A simplified interior goes in without the heavy door cards and rear seat, and with black carpet to match the two black front seats.
Photo: Casey Madrick

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New door cards are in!
Photo: Casey Madrick

Looking at the car itself, it doesn’t particularly look like something that was put together using whatever was available in a home garage, and that’s why we love it so much.

You shouldn’t be afraid to get a little dirty and try to fix new and interesting things on your cars—even if there’s a good chance that you don’t have the specialized tools that tend to be recommended for things. If you have a fairly popular enthusiast car, someone likely figured out a workaround for not having those prized manufacturer-specific tools anyway.

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Madrick hadn’t weighed his newer, lighter, better BMW, but he estimated that it was only about 2,100 pounds, given the rear seat delete and other non-essential items that had been left out. That original M10 inline-four engine cranked out just under 100 horsepower when new, which is really all a simple, featherweight car like this needs.

Lest you thought project cars ever truly end, a center console is coming up next for the interior of Madrick’s 2002, maybe even with a radio. Casey’s friend Joseph Guzman now has yet another 2002 in the “StruggleWorks Garage,” sitting on a new home-built metal stand.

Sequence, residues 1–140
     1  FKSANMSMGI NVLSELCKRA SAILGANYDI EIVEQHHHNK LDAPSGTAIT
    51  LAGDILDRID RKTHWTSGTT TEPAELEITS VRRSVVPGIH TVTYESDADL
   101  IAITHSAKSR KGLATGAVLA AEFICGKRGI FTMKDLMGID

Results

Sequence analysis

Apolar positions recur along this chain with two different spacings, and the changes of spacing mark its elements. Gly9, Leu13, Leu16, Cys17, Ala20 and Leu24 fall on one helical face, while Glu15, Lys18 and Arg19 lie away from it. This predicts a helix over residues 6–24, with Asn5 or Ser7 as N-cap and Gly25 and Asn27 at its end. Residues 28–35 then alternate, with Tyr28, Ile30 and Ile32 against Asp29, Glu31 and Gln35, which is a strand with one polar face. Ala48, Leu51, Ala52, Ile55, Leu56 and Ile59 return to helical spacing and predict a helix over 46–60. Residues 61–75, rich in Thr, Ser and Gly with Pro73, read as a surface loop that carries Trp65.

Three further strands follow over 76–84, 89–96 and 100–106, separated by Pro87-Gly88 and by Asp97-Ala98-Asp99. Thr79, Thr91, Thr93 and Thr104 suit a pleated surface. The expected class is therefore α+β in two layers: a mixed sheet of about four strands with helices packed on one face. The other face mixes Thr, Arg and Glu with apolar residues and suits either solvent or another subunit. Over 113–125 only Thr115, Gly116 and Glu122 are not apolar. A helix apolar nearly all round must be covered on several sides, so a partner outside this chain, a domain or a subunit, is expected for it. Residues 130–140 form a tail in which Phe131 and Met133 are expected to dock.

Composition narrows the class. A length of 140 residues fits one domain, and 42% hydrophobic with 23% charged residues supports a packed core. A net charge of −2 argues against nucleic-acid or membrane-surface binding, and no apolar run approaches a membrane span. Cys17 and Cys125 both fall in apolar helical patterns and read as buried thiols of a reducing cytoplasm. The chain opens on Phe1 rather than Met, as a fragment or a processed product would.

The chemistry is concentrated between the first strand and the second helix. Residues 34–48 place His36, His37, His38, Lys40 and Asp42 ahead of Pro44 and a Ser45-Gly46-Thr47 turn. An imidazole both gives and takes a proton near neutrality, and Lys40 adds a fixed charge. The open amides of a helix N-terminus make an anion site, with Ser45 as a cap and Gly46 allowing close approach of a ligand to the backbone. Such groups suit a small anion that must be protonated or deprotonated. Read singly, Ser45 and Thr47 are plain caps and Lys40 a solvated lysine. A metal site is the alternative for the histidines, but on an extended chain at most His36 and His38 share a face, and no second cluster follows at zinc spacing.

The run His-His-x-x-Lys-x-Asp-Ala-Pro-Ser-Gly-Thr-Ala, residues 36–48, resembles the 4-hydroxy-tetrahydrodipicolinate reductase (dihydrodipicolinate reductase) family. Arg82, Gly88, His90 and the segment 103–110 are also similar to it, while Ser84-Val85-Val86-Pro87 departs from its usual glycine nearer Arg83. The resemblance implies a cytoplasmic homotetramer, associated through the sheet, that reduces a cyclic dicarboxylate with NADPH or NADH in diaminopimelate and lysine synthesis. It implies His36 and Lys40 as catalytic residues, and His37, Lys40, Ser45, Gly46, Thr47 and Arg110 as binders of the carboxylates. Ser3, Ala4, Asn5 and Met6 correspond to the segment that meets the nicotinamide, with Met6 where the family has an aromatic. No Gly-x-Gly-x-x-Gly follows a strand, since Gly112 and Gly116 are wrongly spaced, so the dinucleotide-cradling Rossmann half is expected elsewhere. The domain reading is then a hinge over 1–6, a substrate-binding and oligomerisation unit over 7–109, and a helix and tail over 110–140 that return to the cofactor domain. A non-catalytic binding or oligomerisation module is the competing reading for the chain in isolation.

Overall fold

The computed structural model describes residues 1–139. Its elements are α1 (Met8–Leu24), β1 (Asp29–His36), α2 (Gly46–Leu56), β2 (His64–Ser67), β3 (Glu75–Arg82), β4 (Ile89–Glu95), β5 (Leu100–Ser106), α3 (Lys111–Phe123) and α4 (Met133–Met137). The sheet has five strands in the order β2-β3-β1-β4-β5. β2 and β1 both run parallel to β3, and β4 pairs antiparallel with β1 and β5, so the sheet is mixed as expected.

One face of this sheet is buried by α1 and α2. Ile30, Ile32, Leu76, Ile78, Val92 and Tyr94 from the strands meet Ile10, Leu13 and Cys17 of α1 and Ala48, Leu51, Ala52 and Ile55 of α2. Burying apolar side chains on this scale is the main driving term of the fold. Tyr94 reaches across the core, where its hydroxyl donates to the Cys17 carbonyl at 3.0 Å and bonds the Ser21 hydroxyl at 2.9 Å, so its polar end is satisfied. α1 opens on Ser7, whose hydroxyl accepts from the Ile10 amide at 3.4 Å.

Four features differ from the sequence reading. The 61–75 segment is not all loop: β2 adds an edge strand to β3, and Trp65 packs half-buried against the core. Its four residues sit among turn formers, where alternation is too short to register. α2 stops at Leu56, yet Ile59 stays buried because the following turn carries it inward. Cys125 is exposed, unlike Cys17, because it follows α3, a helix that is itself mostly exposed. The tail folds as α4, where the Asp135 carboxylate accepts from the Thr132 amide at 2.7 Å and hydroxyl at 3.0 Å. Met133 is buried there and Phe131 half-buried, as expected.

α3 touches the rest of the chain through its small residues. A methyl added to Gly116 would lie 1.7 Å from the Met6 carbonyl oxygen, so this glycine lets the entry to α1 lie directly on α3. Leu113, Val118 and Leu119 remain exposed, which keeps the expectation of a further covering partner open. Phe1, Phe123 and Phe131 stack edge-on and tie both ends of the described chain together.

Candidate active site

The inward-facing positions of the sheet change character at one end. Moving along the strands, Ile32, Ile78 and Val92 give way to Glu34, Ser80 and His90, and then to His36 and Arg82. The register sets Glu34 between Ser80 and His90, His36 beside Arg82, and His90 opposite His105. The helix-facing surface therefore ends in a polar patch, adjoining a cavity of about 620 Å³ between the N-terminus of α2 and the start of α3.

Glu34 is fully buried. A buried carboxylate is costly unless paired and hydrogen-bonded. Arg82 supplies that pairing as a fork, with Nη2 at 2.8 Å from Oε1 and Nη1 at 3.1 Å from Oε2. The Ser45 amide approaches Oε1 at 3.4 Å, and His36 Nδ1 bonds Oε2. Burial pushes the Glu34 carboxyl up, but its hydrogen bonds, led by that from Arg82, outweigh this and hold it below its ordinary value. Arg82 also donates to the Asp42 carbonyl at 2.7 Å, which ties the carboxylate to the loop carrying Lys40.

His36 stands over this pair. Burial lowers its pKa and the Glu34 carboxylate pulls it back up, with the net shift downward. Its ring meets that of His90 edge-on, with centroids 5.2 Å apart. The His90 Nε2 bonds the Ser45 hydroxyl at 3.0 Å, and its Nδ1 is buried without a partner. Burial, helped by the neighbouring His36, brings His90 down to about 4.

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You can keep up with both of those cars on Instagram here.

Here’s what Casey had to work with under that white paint.
Photo: Casey Madrick
Photo: Casey Madrick

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Photo: Casey Madrick
Paint prep.
Photo: Casey Madrick
Photo: Casey Madrick

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Test-fitting the fender flares.
Photo: Casey Madrick
Inside the M10.
Photo: Casey Madrick
Photo: Casey Madrick

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Last details on the 2002.
Photo: Casey Madrick
The freshly reassembled 2002 sits in front of the carport that was turned into a paint booth.
Photo: Casey Madrick

We’re featuring the coolest project cars from across the internet on Build of the Week! What insane build have you been wrenching on lately? Seen any good build threads we should know about? Drop me a line at stef dot schrader at jalopnik dot com with “Build of the Week” somewhere in the subject line if you’d like to be featured here.